Straddling communication links between Southeast and Northeast Asia enabled Taiwan to become a fulcrum of maritime might in the seventeenth century. Using Taiwan and the Pescadores (Penghu) as bases, privateer-pirates like Iquan (Zheng Zhilong) and his son Koxinga (Zheng Chenggong) became highly influential in seaborne trade from Sumatra and Java through Luzon, Macau, Fujian, Guangdong, and Kyushu. [6] Wealth that accrued from such activities allowed the Zhengs to build a navy and encourage immigration to Taiwan from Fujian and Guangdong, steps that established the foundations for their political authority on the island and its surrounding areas. Iquan first challenged Ming authority along the Fujian and Guangdong coasts in the early seventeenth century, while Koxinga expelled Dutch and Spanish garrisons from Taiwan by the mid-seventeenth century and later took on the mantle of resistance to the invading Manchu Qing empire. The regime that Koxinga established on Taiwan held out against vastly superior Qing forces until the late seventeenth century, when the Qing finally defeated the Zheng regime and incorporated Taiwan.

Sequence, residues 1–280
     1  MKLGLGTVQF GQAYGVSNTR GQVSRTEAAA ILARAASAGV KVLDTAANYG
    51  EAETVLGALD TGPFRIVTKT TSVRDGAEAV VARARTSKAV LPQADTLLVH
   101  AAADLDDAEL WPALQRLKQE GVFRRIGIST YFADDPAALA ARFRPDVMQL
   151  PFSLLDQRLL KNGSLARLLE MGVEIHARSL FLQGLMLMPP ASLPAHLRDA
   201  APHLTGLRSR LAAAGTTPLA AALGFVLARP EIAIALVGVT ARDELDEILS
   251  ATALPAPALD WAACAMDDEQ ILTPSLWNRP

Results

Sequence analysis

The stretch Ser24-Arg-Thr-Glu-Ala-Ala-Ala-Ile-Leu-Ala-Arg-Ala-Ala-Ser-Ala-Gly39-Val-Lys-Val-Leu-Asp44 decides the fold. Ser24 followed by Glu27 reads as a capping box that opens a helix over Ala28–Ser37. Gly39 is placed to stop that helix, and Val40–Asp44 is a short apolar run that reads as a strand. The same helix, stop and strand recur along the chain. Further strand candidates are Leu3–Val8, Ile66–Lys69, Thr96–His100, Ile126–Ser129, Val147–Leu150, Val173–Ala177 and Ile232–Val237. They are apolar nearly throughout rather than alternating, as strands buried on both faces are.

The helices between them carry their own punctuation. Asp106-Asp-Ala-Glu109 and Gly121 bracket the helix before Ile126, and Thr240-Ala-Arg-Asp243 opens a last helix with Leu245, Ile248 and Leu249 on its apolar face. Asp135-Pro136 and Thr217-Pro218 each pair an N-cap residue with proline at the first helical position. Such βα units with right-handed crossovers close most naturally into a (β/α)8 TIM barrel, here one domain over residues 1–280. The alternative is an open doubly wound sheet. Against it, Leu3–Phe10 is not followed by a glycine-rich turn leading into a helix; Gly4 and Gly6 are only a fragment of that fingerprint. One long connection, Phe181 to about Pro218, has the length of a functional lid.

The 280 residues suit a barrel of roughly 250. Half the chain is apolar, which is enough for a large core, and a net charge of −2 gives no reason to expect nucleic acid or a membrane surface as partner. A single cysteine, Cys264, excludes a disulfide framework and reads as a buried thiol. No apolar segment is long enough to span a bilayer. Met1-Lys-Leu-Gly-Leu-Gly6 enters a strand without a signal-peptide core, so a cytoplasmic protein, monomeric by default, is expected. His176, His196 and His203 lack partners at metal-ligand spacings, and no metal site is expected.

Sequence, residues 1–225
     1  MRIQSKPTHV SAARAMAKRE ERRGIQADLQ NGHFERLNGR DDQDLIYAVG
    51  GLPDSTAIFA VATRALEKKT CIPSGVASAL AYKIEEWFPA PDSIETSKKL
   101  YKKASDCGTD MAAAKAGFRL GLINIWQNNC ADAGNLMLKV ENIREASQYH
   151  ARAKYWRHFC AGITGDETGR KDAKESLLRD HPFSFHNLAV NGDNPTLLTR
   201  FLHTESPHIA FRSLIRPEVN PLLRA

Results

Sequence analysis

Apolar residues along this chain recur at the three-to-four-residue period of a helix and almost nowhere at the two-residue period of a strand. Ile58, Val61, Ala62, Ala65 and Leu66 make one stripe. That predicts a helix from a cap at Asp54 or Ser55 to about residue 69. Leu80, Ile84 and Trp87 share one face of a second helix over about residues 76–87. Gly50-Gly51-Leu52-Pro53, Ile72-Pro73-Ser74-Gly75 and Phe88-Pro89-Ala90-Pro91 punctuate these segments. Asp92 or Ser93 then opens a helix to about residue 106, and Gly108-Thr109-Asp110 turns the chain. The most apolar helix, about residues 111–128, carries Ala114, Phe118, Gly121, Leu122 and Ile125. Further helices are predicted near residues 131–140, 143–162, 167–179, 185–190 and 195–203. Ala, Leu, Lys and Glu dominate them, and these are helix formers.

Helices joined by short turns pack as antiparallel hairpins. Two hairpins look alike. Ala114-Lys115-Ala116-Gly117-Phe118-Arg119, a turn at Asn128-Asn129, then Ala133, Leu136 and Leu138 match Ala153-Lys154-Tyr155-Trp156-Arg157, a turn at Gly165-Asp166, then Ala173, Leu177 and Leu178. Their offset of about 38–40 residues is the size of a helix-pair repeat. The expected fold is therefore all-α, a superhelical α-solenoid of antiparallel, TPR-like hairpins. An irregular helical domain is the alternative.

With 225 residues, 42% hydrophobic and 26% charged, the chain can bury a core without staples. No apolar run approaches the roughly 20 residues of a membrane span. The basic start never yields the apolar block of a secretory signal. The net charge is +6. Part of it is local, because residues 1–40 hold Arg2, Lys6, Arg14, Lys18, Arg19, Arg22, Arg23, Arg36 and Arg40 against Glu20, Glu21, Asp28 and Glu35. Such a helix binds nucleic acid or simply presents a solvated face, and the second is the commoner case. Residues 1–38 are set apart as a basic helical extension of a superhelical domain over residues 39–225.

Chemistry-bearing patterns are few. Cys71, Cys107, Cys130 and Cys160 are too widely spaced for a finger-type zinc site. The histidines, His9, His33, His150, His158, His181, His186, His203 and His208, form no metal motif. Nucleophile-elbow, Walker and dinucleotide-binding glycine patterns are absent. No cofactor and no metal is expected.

Motivating the earlier Dutch and Spanish efforts to establish settlements on and occupy parts of Taiwan during the early seventeenth century was the island’s strategic location and resources. [7] The European colonial presence on Taiwan sought to build on and further develop Taiwan’s maritime links with both Southeast and Northeast Asia. Taiwan was just north of Spain’s colonial holdings in the Philippines and closer to trading ports in Fujian, Guangdong, and Kyushu. For the Dutch, Taiwan promised a means to leapfrog their Spanish rivals to access these same ports and markets, given that the main Dutch colonial holding at the time was in Java, much farther south. The Spanish and Dutch presence on Taiwan saw attempts to control and trade with aboriginal tribes, as well as the encouragement of migration from Fujian and the Pescadores, which started the displacement of aboriginal peoples on Taiwan.

Colonialism and Conflict